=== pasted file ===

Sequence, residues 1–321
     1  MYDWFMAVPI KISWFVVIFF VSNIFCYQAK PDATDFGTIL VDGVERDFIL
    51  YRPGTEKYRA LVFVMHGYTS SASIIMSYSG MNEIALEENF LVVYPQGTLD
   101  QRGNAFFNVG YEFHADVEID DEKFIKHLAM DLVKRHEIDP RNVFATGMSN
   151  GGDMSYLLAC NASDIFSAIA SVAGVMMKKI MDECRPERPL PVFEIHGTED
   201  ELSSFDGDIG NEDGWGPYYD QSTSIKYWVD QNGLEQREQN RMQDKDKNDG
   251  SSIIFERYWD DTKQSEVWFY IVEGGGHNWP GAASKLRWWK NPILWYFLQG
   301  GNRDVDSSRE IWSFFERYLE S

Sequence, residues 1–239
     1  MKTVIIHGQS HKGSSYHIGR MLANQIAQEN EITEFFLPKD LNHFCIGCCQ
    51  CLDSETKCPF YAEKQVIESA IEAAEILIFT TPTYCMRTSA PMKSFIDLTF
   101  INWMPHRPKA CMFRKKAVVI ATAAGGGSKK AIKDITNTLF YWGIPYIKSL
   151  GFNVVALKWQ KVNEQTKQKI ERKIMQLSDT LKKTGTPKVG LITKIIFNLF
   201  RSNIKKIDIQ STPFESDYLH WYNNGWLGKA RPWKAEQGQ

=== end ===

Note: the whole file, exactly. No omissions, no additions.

Sequence, residues 1–321
     1  MYDWFMAVPI KISWFVVIFF VSNIFCYQAK PDATDFGTIL VDGVERDFIL
    51  YRPGTEKYRA LVFVMHGYTS SASIIMSYSG MNEIALEENF LVVYPQGTLD
   101  QRGNAFFNVG YEFHADVEID DEKFIKHLAM DLVKRHEIDP RNVFATGMSN
   151  GGDMSYLLAC NASDIFSAIA SVAGVMMKKI MDECRPERPL PVFEIHGTED
   201  ELSSFDGDIG NEDGWGPYYD QSTSIKYWVD QNGLEQREQN RMQDKDKNDG
   251  SSIIFERYWD DTKQSEVWFY IVEGGGHNWP GAASKLRWWK NPILWYFLQG
   301  GNRDVDSSRE IWSFFERYLE S

Sequence, residues 1–239
     1  MKTVIIHGQS HKGSSYHIGR MLANQIAQEN EITEFFLPKD LNHFCIGCCQ
    51  CLDSETKCPF YAEKQVIESA IEAAEILIFT TPTYCMRTSA PMKSFIDLTF
   101  INWMPHRPKA CMFRKKAVVI ATAAGGGSKK AIKDITNTLF YWGIPYIKSL
   151  GFNVVALKWQ KVNEQTKQKI ERKIMQLSDT LKKTGTPKVG LITKIIFNLF
   201  RSNIKKIDIQ STPFESDYLH WYNNGWLGKA RPWKAEQGQ